A new paper by Tanner Larkin
International human rights law is often associated with the progressive expansion of justice and freedom. But today that link cannot be taken for granted. As I discuss in my forthcoming Note in the Columbia Law Review, the People’s Republic of China (PRC) is attempting to transform human rights into an instrument of 21st century global authoritarianism. To that end, the PRC is undertaking efforts at the regional, national, and sub-national levels to socialize other actors into its preferred human rights norms through visits and exchanges, academic conferences, multilateral fora, and other means.
The PRC has long possessed a distinctive human rights vision. It recognizes the validity of human rights as a concept, but stresses an absolutist view of sovereignty according to which states are entitled to choose their human rights practices without interference; stability and development are pre-conditions for promoting human rights; and human rights are centered on the state rather than the individual. This doctrine is thus highly conducive to authoritarian rule. That the PRC holds such views on human rights is not new. What is new, especially since Xi Jinping’s ascent to power in 2012, is China’s revisionist posture in promoting its vision across the globe and in treating its conception of human rights as an alternative human rights framework, superior to the liberal status quo. This shift is powered by China’s dual aims of augmenting its soft power (and thus geopolitical influence) and neutralizing the perceived threat of liberal human rights norms to the survival of the Chinese Communist Party regime.
China’s international human rights strategy can be thought of as “normfare,” a neologism that refers to the strategic promotion of favored interpretations of international norms. Its normfare in the human rights field is illuminated by applying Harold Koh’s transnational legal process model for how international norms develop and take root. Per Koh’s model, this occurs in three stages. First, the norm entrepreneur provokes an interaction or series of interactions with other actors. Second, the interaction forces an interpretation or enunciation of a relevant international norm. Third, the transnational actor potentially succeeds in causing the other parties to internalize the new interpretation of the norm into its own internal normative system. Successfully internalized norms may ultimately determine state behavior.
China’s human rights engagement with Africa demonstrates at least a de facto strategy of normfare to diffuse favored norms in a manner that maps onto Koh’s transnational legal process model. In the interaction phase, the PRC creates opportunities for transnational actors to engage with Chinese counterparts and learn about the PRC’s human rights vision, including through new fora such as the Forum on China-Africa Cooperation and the South-South Human Rights Forum, as well as by visits and exchanges involving African political parties, experts, lawyers, and other actors.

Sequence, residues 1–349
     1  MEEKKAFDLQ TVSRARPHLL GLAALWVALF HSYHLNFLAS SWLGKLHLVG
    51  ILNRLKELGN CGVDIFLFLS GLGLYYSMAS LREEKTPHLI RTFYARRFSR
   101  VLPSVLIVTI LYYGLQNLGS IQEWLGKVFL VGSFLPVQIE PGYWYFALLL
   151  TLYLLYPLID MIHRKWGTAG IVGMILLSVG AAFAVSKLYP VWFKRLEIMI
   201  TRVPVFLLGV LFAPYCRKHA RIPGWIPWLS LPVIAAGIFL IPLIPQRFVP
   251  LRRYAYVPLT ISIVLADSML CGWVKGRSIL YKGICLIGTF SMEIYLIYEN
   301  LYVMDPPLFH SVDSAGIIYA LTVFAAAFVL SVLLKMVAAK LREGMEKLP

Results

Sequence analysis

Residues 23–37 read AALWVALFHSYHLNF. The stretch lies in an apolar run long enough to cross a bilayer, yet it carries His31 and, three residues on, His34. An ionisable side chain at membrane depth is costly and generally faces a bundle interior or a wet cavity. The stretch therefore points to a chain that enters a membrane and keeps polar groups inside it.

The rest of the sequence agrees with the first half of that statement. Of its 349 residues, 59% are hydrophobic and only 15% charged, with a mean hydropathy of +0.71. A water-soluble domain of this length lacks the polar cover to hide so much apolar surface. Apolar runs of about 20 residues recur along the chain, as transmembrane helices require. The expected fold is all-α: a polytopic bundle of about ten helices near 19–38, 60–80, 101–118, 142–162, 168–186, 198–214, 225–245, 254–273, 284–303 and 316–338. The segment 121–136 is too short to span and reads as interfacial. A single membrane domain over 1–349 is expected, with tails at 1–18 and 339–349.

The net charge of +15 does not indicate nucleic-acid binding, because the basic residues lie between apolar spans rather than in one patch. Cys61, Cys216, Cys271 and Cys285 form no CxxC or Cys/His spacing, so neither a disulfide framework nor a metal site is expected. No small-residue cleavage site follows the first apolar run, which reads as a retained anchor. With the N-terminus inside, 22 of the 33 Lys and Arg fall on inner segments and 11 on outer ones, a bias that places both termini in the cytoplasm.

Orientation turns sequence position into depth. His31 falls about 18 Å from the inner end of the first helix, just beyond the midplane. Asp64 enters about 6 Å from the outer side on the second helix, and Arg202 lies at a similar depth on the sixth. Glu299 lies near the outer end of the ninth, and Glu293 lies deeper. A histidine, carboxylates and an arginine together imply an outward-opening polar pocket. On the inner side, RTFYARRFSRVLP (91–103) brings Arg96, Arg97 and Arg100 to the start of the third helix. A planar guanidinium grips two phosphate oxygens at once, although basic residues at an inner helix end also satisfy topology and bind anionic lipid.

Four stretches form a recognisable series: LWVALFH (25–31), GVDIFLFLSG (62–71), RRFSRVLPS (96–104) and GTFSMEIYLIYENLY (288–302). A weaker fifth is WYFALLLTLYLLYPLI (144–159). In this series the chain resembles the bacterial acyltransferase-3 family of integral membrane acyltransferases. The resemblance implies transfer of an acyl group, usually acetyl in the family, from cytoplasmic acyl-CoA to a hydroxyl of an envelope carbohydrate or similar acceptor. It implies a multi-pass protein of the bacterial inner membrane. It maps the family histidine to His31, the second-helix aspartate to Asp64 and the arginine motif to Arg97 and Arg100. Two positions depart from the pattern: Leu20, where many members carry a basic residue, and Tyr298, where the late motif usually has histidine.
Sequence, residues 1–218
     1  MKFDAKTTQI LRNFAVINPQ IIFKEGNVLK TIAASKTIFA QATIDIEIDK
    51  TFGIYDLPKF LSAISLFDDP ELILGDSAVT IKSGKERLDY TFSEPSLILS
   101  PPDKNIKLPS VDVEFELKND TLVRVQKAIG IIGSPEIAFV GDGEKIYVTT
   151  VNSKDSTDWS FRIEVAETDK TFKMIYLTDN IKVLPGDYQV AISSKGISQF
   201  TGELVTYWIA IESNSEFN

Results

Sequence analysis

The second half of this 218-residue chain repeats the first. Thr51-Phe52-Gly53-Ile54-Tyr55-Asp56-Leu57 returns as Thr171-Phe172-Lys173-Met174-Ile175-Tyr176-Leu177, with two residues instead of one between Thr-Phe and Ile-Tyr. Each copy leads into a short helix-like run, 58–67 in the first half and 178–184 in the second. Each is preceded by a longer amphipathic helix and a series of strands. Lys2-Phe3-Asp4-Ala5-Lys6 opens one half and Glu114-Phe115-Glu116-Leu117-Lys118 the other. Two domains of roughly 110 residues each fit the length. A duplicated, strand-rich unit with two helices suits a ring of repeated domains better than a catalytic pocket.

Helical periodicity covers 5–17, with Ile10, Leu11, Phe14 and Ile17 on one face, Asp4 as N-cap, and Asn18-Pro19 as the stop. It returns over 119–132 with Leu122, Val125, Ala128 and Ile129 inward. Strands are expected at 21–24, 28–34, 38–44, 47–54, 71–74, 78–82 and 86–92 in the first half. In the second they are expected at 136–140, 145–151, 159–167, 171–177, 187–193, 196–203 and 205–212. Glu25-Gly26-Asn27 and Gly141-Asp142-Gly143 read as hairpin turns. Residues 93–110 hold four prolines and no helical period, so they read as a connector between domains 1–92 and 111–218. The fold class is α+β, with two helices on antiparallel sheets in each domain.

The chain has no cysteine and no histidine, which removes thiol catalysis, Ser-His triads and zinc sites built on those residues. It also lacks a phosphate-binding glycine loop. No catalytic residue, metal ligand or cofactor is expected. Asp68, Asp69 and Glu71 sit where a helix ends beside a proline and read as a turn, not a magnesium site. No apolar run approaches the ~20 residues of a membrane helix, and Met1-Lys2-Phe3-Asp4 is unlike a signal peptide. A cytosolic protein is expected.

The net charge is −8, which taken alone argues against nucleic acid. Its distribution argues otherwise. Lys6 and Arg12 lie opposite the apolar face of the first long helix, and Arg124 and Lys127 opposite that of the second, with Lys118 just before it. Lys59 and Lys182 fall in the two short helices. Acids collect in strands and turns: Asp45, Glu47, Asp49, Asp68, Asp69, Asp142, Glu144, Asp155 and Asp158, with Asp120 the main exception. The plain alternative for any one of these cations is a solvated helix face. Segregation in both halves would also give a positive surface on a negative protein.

These interactions lead to the interpretation of norms in a manner favored by China, thus legitimizing and building consensus for China’s norms. These processes of interaction and interpretation are fueling internalization. This involves (1) social internalization, suggested by the embrace of PRC-style human rights norms by some prominent African academics; (2) political internalization, indicated by the rhetoric of certain African leaders; and (3) legal internalization, evidenced by African states such as Tanzania, Nigeria, and Zimbabwe adopting PRC-style internet-regulation statutes.
The PRC’s human rights normfare may contribute to the construction of an alternative, authoritarian international law and the furtherance of an illiberal, China-dominated global order. To avoid these outcomes, actors—above all, the United States—should push back to blunt the effects of the PRC’s normfare and rebuild a more resilient liberal human rights regime, including by implementing counter-normfare.
China’s human rights normfare poses a grave threat to the international human rights system. By fashioning an illiberal, authoritarian “human rights” doctrine, the PRC debases the coinage of human rights, supplying a currency that will prop up authoritarian regimes and undermine human rights defenders. Now is the time for action to preserve the integrity of human rights as a check on arbitrary state power and a guarantor of individual liberty.
Tanner Larkin’s paper is forthcoming with the Columbia Law Review and a draft is available here. Tanner Larkin is a second-year J.D. student at Columbia Law School, where he is a Hamilton Fellow and a James Kent Scholar. He is also a Senior Editor of the Columbia Law Review and a board member of the Columbia Society for International Law. Tanner graduated summa cum laude and Phi Beta Kappa from Georgetown University’s School of Foreign Service in 2019. He can be reached at firstname.lastname@example.org or through LinkedIn.